By Andy Tarnoff Publisher Published Sep 27, 2014 at 11:57 PM

I’ve been lucky enough to see the Dandy Warhols live several times over the last few years. But each time, I’ve had to travel to Chicago or Madison to hear them, which is a small sacrifice for one of my favorite bands over the last 15-plus years.

So the opportunity to see the Dandys at Turner Hall was a welcome one, and as usual, provided for a great venue to see the Portland-based band Saturday night. If these four rockers are getting mellower with age, it’s only a welcome change, as their 90-minute set felt neither dated or sleepy. From glam to trance to electronic dance, it felt just right.

By far, this band’s best work came from 2000’s "Thirteen Tales from Urban Bohemia," and last time I saw them, they played that whole album in order to celebrate its 13th anniversary.

But the Dandy Warhols are much more than that incredible album. I love the album before, "The Dandy Warhols Come Down," and the one after, "Welcome to the Monkey House," and bits and pieces of other records, too.

Fortunately, the Dandys touched on all these records, old and not so old, sending the medium-sized, but knowledgeable crowd into a trance-like state with "Be-In," "I Love You" and "The Last High," sprinkling in the higher-energy singles like "Not If You Were the Last Junkie on Earth" and, of course, "Bohemian Like You."

After 2010’s "The Capitol Years," (and really, from "Dig"), fans learned there are two versions of the Dandy Warhols: the over-produced, radio friendly one and the under-produced band’s preference. We got both tonight, but more of the stripped down experience with "We Used To Be Friends." Courtney Taylor-Taylor performed a beautiful solo version of "Every Day is a Holiday," which I’ve heard at each of the last four shows – and it doesn’t get old.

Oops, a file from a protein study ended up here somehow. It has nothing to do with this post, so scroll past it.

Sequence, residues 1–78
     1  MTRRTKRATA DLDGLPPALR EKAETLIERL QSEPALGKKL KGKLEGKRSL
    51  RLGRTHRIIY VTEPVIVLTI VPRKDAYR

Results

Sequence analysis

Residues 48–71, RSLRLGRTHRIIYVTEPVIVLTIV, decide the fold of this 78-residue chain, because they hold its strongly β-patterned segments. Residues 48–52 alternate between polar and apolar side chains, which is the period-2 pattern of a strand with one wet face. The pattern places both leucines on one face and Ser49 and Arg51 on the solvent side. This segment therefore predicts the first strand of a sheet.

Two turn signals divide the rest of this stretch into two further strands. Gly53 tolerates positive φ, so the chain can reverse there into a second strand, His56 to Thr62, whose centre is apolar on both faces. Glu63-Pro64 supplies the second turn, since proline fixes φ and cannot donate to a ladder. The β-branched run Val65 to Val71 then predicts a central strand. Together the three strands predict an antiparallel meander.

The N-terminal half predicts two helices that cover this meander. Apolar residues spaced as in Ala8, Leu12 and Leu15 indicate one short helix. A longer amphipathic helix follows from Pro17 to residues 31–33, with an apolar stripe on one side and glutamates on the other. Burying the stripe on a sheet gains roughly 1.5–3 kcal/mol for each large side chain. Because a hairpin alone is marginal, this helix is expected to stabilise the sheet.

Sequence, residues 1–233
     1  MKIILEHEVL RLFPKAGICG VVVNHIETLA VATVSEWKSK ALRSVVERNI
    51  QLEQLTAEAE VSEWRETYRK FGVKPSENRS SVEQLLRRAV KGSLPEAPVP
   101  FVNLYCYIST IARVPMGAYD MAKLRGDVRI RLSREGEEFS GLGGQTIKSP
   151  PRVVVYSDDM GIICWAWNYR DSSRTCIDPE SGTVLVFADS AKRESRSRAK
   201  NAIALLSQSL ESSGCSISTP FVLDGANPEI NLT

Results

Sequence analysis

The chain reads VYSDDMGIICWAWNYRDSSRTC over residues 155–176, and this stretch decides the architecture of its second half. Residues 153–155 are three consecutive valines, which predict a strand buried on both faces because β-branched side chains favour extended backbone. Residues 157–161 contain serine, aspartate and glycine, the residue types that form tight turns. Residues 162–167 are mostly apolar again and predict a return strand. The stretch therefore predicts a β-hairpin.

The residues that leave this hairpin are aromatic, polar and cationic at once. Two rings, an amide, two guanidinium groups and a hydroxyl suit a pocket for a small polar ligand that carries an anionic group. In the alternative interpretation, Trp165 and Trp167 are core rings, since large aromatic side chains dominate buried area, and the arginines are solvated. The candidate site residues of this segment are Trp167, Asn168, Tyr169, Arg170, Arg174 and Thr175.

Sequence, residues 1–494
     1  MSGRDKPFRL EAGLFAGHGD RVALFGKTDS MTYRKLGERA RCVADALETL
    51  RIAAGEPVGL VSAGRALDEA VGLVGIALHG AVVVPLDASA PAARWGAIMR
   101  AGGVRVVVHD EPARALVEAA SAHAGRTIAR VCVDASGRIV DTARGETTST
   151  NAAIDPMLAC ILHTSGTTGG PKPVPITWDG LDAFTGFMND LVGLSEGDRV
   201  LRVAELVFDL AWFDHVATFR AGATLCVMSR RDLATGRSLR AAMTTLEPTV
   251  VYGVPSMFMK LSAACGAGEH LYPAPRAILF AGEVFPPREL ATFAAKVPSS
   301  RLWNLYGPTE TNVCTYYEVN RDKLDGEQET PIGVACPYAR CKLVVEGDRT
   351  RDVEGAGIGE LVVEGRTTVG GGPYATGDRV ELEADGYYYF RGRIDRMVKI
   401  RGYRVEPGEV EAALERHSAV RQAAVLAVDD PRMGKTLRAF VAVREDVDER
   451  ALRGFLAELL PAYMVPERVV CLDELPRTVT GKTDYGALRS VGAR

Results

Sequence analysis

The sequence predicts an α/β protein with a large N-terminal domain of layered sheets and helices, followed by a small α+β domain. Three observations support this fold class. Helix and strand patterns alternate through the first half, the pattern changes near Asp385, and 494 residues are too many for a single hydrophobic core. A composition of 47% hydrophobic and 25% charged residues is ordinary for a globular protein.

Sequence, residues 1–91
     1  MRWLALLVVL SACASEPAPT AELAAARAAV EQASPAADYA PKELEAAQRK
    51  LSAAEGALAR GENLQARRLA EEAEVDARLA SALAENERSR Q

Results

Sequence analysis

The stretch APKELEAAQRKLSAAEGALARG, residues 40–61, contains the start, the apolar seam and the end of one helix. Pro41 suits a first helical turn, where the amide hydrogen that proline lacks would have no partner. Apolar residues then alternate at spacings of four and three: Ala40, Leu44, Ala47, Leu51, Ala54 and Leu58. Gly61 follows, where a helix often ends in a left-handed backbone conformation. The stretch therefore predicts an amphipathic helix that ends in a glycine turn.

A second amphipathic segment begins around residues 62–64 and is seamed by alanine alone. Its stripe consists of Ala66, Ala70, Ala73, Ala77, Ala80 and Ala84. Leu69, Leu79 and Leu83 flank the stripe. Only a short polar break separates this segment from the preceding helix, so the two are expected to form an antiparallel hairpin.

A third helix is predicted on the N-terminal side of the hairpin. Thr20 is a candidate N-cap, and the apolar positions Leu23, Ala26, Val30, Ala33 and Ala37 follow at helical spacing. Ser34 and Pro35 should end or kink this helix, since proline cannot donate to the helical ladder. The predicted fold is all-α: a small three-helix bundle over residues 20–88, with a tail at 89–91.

Taylor-Taylor, of course, never got too excitable, but that’s his style. He sounded just a little raspy at times, but gave it his all, even if some of the songs were a little slower than on the records. He has such as commanding presence on stage that one hardly notices the brilliant guitar work of Peter Holmström. It’s hard, though, to miss drummer "Fathead" Brent DeBoer – he’s that good.

And personally, I could just watch Zia McCabe swaying to her vintage synths all night long. Like she did in Chicago, she even picked up a bass guitar for one song. (I couldn’t help but notice that we were wearing the same Brian Jonestown Massacre T-shirts, too.)

I never understand why the Dandy Warhols didn’t have more mainstream popularity, but that’s OK. They’re like a treasured secret for those in the know. And this time, I didn’t have to travel very far to enjoy them.

And this time, they, too were in on the secret. Taylor-Taylor seemed legitimately happy to be in Milwaukee for the first time in forever. "This is a secret beautiful city," he said at the top of the show. "I’ve never really walked around Milwaukee before."

And at the end, he said the Dandy Warhols will be back to Milwaukee next year, much to the small, but dedicated crowd’s delight. As I write my review, I’m still basking in the afterglow of this show. Next year just isn’t soon enough.

Set list:

We Used to Be Friends
Not If You Were the Last Junkie on Earth
The Last High
I Love You
Sad Vacation
Crack Cocaine Rager
All the Girls in London
Everyday Should Be a Holiday (Courtney solo)
Holding Me Up
Horse Pills
Bohemian Like You
Get Off
Pete International Airport / Boys Better
Country Leaver

Andy is the president, publisher and founder of OnMilwaukee. He returned to Milwaukee in 1996 after living on the East Coast for nine years, where he wrote for The Dallas Morning News Washington Bureau and worked in the White House Office of Communications. He was also Associate Editor of The GW Hatchet, his college newspaper at The George Washington University.

Before launching in 1998 at age 23, he worked in public relations for two Milwaukee firms, most of the time daydreaming about starting his own publication.

Hobbies include running when he finds the time, fixing the rust on his '75 MGB, mowing the lawn at his cottage in the Northwoods, and making an annual pilgrimage to Phoenix for Brewers Spring Training.